2 The planters responded by overthrowing Liliuokalani and setting up a provisional government in When William McKinley became president, Congress approved the annexation of Hawaii, and in 1900 it became a territory of the United States. Without consulting the Samoans, the United States and Germany split the Samoa Islands, and the United States quickly annexed its portion. China and the Open Door The Open Door policy protected and expanded U.S. trading interests in China. Japan China could not resist the efforts of foreign powers that wanted to exploit its vast resources and markets. Japan and European powers had carved out spheres of influence sections of the country where the nations enjoyed special rights and powers in China by the late 1890s. Secretary of State John Hay proposed an Open Door policy which gave each foreign nation in China rights to trade freely in the other nations spheres of influence. After the Boxer Rebellion, foreign powers accepted Hay s Open Door policy. The relations between Japan and the United States were strained in the early 1900s. Eager to expand its power in Asia, Japan attacked a Russian fleet in Manchuria, starting the Russo-Japanese War. President Roosevelt helped negotiate the Treaty of Portsmouth, which recognized Japan s control of Korea in return for Japan s pledge to halt expansion. When Japanese immigrants in the United States were ordered to attend separate schools, relations between Japan and the United States worsened. Section 3: Spanish-American War A Splendid Little War Events in Cuba led to war between the United States and Spain in The revolution in Cuba as described through yellow journalism tactics caused great concern in the United States. President McKinley sent the warship Maine to Havana to protect American citizens and property. American newspapers blamed Spain when the Maine exploded, which triggered the Spanish-American war. Theodore Roosevelt led the Rough Riders to victory in the Battle of San Juan Hill. Shortly afterwards, the Spanish signed an armistice and the war ended. Secretary of State John Hay called the Spanish-American War a splendid little war. Acquisitions The American empire became a reality after the Spanish-American War. The United States and Spain signed the Treaty of Paris, ending the war. Under the terms of the treaty:

3 Cuba became an American protectorate. Puerto Rico and Guam became territories of the United States. Spain surrendered the Philippines to the United States for $20 million. Cuba was granted full independence on the condition that their constitution gave the United States certain rights, known as the Platt Amendment. The Jones Act in 1917 made Puerto Rico a territory of the United States and granted American citizenship to all Puerto Ricans. The acquisition of the Philippines aroused fierce debate among American citizens. Some argued that American rule of the Philippines went against the democratic principles on which the United States was founded. Others felt the Philippines would provide the United States with an important Pacific naval base. In February 1899, Emilio Aguinaldo began a fight for independence of the Philippines. In the summer of 1901, the United States transferred the authority from a military to a civilian government to prepare the islands for eventual self-rule. Section 4: Latin American Policies Panama The United States negotiated with Panama to build the Panama Canal. Americans wanted a connection between the Atlantic and Pacific Oceans in Central America to eliminate the long and dangerous sea voyage around South America. In 1901, France sold its rights to build a canal across Panama an isthmus in Central America to the United States for $40 million. The United States negotiated a 99-year lease with Colombia at the cost of $10 million with an annual rent of $250,000. When the Colombian Senate rejected the lease, the United States supported Panama in their quest for independence from Panama. The Panama Canal opened on August 15, The canal shortened the trip from New York to San Francisco from 12,600 miles to only 4,900 miles. Policing the Western Hemisphere Using its economic and military power, the United States policed the Western Hemisphere. President Roosevelt had a strong stance on foreign policy. He believed the United States should respond to foreign crises not with threats but with military action. He also believed America must exercise an international police power to prevent world from falling into anarchy. Roosevelt established the Roosevelt Corollary, an addition to the Monroe Doctrine, claiming the right to intervene in the affairs of Latin American nations whenever those nations seemed unstable. William Howard Taft s foreign policy was known as dollar diplomacy. Taft was willing to intervene in other nations affairs if they threatened American business interests.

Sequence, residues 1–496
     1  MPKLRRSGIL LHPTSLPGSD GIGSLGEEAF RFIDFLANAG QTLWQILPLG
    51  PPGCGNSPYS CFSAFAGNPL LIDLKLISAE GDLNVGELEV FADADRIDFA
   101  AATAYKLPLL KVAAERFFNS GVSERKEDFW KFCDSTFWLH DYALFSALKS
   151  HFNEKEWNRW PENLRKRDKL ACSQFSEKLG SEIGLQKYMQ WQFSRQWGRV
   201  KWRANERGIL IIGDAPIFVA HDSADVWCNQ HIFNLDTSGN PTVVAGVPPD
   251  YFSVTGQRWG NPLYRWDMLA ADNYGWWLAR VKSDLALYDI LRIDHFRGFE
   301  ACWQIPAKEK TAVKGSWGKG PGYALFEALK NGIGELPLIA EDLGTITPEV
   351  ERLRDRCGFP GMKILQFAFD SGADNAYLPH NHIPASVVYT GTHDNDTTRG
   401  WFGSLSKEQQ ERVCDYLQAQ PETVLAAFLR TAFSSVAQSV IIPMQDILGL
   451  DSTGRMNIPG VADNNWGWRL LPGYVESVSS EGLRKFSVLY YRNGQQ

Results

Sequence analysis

4 Relations With Mexico During the early 1900s, the United States and Mexico almost went to war with each other. Francisco Madero, a popular Mexican reformer, led a successful revolution against Porfirio Díaz in Two years later, General Victoriano Huerta overthrew and killed Madero. President Woodrow Wilson authorized arms sales to Huerta s rival, Venustiano Carranza. When Huerta s troops arrested American sailors, Wilson ordered U.S. troops to seize the port of Veracruz. Huerta was forced to flee and Carranza took power. Rebel leader Francisco Pancho Villa shot 16 Americans because of U.S. support for the Carranza government. American troops led by General John J. Pershing crossed into Mexico in search of Villa but left when America s attention turned to the war in Europe.